Memantine for Executive Dysfunction in Adults With ADHD: A Pilot Study

This study has been completed.
Sponsor:
Collaborator:
The American Professional Society of ADHD and Related Disorders (APSARD)
Information provided by (Responsible Party):
Joseph Biederman, MD, Massachusetts General Hospital
ClinicalTrials.gov Identifier:
NCT01533493
First received: February 8, 2012
Last updated: March 10, 2014
Last verified: March 2014
  Purpose

This is a 12-week clinical trial evaluating the efficacy and safety of memantine hydrochloride (Namenda) in the treatment of executive function deficits (EFDs) in adults with Attention Deficit Hyperactivity Disorder (ADHD) receiving open-label treatment with OROS-Methylphenidate (OROS-MPH, Concerta). The study aims to examine the effects of treatment with memantine on ADHD symptoms. Following screening procedures, memantine is prescribed in randomized, double-blind fashion (equal chance of medication or placebo) for 12 weeks, along with open-label OROS-MPH (everyone receives medication).


Condition Intervention
Attention Deficit Hyperactivity Disorder (ADHD)
Executive Function Deficits (EFD)
Drug: Placebo
Drug: Memantine Hydrochloride
Drug: OROS-Methylphenidate

Study Type: Interventional
Study Design: Allocation: Randomized
Endpoint Classification: Safety/Efficacy Study
Intervention Model: Parallel Assignment
Masking: Double Blind (Subject, Investigator)
Primary Purpose: Treatment
Official Title: Memantine for Executive Dysfunction in Adults With ADHD: A Pilot Study

Resource links provided by NLM:


Further study details as provided by Massachusetts General Hospital:

Primary Outcome Measures:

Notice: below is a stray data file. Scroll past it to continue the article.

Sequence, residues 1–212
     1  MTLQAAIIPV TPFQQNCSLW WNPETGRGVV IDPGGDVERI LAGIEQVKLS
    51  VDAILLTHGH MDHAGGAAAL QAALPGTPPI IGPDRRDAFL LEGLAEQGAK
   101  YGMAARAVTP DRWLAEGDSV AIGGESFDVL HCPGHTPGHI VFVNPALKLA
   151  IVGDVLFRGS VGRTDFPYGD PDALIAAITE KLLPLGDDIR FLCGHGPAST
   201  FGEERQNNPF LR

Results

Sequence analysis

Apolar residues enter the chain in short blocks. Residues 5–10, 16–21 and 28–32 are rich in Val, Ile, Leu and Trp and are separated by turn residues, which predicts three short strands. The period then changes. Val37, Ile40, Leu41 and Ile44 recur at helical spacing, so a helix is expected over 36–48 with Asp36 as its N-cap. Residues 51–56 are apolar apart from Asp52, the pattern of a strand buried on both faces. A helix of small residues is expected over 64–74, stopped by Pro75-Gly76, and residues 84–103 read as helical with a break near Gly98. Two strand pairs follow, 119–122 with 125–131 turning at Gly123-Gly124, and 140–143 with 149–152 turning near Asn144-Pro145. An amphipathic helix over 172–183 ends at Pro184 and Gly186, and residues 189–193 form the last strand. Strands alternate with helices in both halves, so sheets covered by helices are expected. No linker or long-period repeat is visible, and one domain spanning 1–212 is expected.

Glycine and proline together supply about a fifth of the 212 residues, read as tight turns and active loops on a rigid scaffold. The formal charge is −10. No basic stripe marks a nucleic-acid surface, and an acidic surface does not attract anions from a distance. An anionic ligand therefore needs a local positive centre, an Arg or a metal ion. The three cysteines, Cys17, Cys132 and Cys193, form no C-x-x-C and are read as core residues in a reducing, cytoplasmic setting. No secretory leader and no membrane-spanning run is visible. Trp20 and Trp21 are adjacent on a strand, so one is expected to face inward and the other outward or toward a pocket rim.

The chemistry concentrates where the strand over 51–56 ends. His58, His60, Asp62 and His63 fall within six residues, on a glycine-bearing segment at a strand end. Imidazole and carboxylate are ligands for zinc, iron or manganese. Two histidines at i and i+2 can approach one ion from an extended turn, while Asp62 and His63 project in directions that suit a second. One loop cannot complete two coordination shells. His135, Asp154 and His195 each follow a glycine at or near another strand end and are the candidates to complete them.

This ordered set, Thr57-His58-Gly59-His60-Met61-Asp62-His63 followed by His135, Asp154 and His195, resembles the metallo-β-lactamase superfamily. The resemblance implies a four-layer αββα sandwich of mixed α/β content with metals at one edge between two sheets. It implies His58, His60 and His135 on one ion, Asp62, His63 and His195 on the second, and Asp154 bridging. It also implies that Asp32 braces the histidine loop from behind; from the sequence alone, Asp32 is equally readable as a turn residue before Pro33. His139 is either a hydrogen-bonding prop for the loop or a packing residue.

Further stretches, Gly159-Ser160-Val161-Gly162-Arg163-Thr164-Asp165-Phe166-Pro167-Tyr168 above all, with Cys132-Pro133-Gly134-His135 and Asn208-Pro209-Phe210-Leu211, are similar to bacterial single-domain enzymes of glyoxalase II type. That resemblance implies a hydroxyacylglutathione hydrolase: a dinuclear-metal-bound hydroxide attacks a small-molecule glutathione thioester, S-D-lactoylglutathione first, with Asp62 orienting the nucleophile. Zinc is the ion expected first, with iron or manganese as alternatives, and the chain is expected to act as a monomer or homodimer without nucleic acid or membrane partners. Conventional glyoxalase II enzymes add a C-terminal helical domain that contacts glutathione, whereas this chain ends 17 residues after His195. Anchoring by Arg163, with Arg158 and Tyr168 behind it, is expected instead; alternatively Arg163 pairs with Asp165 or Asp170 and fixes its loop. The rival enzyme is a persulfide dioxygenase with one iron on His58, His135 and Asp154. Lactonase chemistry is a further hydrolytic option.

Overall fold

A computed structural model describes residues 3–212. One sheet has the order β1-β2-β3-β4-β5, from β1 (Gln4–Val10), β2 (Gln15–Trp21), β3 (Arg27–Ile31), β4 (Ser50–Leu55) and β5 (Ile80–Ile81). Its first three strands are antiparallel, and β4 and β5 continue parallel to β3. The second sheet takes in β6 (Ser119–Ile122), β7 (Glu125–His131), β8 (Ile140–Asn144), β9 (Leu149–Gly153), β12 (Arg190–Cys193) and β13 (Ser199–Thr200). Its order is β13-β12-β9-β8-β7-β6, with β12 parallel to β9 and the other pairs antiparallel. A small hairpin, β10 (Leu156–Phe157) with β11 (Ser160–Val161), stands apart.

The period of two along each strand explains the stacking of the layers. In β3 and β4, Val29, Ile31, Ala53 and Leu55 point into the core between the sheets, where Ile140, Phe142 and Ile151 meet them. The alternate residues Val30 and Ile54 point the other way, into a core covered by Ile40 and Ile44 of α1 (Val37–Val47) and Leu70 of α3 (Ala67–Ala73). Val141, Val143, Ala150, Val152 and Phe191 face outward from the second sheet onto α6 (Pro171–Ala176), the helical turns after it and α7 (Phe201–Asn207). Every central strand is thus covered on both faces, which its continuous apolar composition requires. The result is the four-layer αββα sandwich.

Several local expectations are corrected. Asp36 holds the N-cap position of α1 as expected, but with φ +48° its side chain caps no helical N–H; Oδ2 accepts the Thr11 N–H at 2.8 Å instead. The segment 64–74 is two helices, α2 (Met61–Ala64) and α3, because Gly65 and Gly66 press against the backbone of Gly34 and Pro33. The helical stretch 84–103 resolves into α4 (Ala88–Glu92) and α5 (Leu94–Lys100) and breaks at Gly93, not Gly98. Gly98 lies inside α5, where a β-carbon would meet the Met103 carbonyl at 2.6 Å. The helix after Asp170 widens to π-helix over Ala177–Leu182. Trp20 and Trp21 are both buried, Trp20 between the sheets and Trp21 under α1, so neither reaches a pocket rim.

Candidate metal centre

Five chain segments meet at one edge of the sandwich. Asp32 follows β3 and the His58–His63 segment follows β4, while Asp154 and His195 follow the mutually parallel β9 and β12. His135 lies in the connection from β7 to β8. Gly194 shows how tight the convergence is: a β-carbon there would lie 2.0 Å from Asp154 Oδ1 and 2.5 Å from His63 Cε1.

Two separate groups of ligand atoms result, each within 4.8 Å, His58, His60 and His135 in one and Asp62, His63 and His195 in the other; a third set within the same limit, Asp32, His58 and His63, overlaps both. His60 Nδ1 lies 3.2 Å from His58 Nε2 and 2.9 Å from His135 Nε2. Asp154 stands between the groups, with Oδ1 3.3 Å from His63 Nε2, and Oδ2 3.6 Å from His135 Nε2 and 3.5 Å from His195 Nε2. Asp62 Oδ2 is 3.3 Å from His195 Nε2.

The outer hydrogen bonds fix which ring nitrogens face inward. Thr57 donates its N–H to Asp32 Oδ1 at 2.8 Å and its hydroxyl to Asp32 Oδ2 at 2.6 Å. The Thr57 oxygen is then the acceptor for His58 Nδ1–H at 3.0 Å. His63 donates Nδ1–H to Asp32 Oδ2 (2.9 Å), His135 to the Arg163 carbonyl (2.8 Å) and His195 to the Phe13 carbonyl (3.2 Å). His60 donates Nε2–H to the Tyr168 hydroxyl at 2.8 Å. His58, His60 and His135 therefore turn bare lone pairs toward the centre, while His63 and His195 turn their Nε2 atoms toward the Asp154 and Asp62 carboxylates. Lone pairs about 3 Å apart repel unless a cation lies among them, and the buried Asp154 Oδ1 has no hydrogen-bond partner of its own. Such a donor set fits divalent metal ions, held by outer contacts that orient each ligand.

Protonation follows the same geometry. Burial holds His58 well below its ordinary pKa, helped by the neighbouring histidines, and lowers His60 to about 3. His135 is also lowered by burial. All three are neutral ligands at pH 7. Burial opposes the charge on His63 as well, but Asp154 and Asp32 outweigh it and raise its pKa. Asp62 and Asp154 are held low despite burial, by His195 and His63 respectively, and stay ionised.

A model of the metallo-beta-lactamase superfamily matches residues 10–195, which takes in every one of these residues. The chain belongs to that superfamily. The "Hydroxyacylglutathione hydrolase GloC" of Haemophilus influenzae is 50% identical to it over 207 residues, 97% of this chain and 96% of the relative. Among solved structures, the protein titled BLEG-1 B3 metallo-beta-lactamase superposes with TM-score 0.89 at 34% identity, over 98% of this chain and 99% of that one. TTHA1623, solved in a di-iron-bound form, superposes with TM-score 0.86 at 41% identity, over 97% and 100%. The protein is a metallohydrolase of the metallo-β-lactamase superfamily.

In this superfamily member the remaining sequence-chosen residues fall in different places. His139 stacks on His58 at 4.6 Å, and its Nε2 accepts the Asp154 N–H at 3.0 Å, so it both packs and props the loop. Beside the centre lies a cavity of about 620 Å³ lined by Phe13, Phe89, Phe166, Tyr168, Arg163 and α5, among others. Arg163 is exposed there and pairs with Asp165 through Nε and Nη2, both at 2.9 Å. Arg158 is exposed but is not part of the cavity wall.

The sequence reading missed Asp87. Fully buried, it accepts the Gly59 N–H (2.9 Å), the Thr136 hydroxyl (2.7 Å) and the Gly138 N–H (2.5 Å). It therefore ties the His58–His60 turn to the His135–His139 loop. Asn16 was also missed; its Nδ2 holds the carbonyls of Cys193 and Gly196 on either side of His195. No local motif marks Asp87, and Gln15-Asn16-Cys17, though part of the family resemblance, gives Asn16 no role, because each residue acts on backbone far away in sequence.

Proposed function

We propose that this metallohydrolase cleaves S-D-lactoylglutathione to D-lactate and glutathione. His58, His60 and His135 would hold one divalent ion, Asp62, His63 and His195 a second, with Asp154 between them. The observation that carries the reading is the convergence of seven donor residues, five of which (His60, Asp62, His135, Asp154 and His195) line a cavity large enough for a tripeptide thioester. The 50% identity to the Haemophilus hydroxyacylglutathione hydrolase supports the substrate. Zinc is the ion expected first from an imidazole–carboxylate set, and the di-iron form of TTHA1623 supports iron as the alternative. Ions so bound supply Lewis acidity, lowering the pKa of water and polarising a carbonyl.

• Percent Change in Global Executive Composite T-Score on the Behavior Rating Inventory of Executive Function-Adult (BRIEF-A) [ Time Frame: baseline, 12 weeks ] [ Designated as safety issue: No ]
    This is a 75-item checklist with a large normative sample, internal consistency, test-retest reliability, inter-rater reliability, and external and concurrent validity, divided into nine empirically and theoretically derived and T-scored subscales: Inhibit, Shift, Emotional Control, Self-Monitor, Initiate, Working Memory, Plan/Organize, Task Monitor, and Organization of Materials. Example item: "I make careless errors when completing tasks." Items are rated 1 "Never," 2 "Sometimes," or 3 "Often." The Global Executive Composite (GEC) Score is calculated by totaling all items on the scale. GEC T-scores range from 34-108, with higher scores indicating more difficulties with executive function.


Enrollment: 33
Study Start Date: May 2012
Study Completion Date: August 2013
Primary Completion Date: July 2013 (Final data collection date for primary outcome measure)
Arms Assigned Interventions